Related Work

In the following Sections, I will briefly present and then discuss some work related to the topic of concurrent training.

Strength & Power vs Endurance

Different endurance training methods seem to exhibit varying degrees of compatibility with strength and power training. Intuitively, it makes sense that high-power methods such as sprint intervals or kettlebell work, e.g., in the form of explosive repeat intervals, would work better in conjunction with speed and power training than low intensity activities such as low intensity steady stafe (LISS) road work.

Tack [TACK2013] states that

HIIT is important as a substitute for long slow endurance training, which may have a negative effect on strength and power development

Road work may put you in a nostalgic mood and feel a little bit like Rocky when preparing to fight Apollo Creed, but when overdone, it may as well hamper your strength gains.

Rhea et. al. performed a study on college level baseball players, comparing strength training to concurrent training. Power output in the lower body went down for the group that performed moderate- to high intensity continuous endurance training (jogging or cycling at 12-18 Borg for 20-60 minutes, 3-4 times weekly), as opposed to the sprint training group, who did nothing but HIIT for energy system training. The authors conclude that

This research demonstrates that power training and intense, lengthy cardiovascular endurance training are not compatible with the aerobic training resulting in decreased power among college baseball players

The study was – as usual – based on a very small sample size. This somewhat limits its impact. Furthermore, sprint intervals have been shown to be a viable method of improving VO2Max and/or aerobic capacity [AST+2012, BUR+2008,FOS+2015, GIB+2006, GIS+2014, HAZ+2010, MAC+2011, SLO+2013]. Hence, both groups performed concurrent training in that both strength and endurance were trained. Unfortunately, data on VO2Max pre- and post-intervention wasn’t included in the paper. Baseball is a very power-oriented sport which doesn’t call for intermediate efforts. Short busts of activity are interspersed by rather long periods of very low intensity activities, i.e., standing or walking. It makes sense in such a scenario to train the aerobic system to resupply the ATP-CP system to sustain repeated sprint ability. Strong First calls this aerobic-alactic conditioning. Eric Oetter [OETT2011] wrote a piece on repeated sprint ability and the contributions of the different energy systems.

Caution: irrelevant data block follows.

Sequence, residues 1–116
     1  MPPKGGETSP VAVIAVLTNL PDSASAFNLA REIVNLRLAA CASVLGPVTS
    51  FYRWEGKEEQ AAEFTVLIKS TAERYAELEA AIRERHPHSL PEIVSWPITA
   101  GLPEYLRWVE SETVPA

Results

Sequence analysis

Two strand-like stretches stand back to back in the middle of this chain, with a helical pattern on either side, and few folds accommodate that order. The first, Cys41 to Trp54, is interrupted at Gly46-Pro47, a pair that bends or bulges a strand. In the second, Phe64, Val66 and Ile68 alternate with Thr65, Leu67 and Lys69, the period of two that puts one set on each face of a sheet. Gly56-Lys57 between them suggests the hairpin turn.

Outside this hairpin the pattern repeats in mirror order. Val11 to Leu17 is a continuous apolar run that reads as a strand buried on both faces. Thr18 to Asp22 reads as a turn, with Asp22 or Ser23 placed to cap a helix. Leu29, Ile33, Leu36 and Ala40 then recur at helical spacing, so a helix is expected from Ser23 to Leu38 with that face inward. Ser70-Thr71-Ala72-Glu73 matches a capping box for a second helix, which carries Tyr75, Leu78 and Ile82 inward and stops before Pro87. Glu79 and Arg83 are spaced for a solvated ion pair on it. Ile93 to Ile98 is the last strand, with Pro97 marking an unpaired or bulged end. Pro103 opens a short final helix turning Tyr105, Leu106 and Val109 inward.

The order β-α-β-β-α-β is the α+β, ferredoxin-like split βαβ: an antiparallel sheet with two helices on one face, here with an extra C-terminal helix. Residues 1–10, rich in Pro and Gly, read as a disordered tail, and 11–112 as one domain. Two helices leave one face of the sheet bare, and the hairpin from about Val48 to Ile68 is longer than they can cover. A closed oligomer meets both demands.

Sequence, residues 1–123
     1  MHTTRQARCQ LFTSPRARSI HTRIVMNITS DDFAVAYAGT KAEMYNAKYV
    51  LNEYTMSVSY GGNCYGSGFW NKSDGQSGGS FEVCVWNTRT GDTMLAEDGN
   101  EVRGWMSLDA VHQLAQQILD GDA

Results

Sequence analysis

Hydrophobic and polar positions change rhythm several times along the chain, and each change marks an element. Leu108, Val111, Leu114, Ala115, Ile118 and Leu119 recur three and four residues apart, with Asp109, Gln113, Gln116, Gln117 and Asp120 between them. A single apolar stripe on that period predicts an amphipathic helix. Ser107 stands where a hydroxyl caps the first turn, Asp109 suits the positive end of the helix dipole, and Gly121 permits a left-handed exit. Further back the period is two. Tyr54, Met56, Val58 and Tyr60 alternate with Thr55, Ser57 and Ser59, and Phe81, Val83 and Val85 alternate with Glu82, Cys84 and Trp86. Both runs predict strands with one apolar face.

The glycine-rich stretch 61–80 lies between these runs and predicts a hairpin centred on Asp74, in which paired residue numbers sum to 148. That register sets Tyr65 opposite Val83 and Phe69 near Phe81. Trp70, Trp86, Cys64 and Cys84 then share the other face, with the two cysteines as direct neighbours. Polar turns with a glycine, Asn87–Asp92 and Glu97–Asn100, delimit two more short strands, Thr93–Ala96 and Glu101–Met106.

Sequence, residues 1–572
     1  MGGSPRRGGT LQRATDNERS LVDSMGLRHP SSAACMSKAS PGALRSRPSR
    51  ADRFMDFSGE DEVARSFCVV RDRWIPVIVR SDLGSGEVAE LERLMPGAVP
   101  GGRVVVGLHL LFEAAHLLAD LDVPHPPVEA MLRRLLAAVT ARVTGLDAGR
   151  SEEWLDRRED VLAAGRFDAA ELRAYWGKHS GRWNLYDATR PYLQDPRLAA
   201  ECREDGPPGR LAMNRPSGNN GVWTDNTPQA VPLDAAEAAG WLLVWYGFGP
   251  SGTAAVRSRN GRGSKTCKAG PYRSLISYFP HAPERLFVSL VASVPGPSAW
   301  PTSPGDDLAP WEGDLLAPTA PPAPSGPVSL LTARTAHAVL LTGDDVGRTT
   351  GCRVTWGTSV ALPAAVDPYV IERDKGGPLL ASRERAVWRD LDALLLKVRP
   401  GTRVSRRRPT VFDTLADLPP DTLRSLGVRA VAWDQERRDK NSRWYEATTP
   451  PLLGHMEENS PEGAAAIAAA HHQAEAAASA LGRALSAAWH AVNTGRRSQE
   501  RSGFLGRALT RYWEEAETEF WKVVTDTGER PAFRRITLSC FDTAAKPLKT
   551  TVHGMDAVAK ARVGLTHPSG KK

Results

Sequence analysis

Cantrell et. al. also investigated the effect of concurrent training on strength adaptations in fourteen recreationally active men. The study design was similar to the work performed by Threes et. al., as was the result:

Preliminary findings suggest that performing concurrent sprint interval and strength training does not attenuate the strength response when compared to ST alone, while also improves aerobic performance measures, such as VO2max at the same time.

Of course, the small sample size seriously impairs the studies validity. Also, strength training and energy system training were performed on separate days.

Aerobic vs. Anaerobic Development

Apparently, sprint interval training might be beneficial for improving both aerobic and anaerobic performance, at least in mixed sports athletes.

Astorino st al [AST+2012] investigate the effect of short-term HIIT interventions on VO2Max and, although data conflicts with the work performed by Burgomaster [BUR+2005] and Gibala [GIB+2006], the authors conclude that

Data reveal that short-term HIIT improves _VO2max, power output, and O2 pulse in active men and women, although it is unknown if sustained HIIT would continue to induce these adaptations in the long term

Hazell et al., who investigated the effect of 10- and 30-second all out bike sprint intervals on aerobic and anaerobic performance found that

…10-s (with either 2 or 4 min recovery) and 30-s SIT bouts are effective for increasing anaerobic and aerobic performance.

Of course, there is also the (in)famous Tabata study which states that

…adequate  highintensity  intermitte nt  training may improve  both  anaerobic  and  aerobic  energy  supplying systems  significantly, probably through imposing intensive  stimuli  on  both systems

Other studies [GIGI2013, SMI+2013, TAL+2007, ZIE+2011] also found favorable effects of HIIT on VO2Max, fat oxidation capacity and other markers traditionally associated to the aerobic system.


In conclusion, sprint intervals seem to go well with strength training in a concurrent program. Martin Rooney makes extensive use of these in his Training For Warriors ( system. Explosive repeats probably fit into the same category in that regard. On the Robertson Training Systems Podcast (, Robbie Bourke states that he loves explosive repeats as a means of developing the aerobic base. I couldn’t agree more, especially in a sport such as fighting, which inherently requires the athlete to be able to repeat explosive efforts.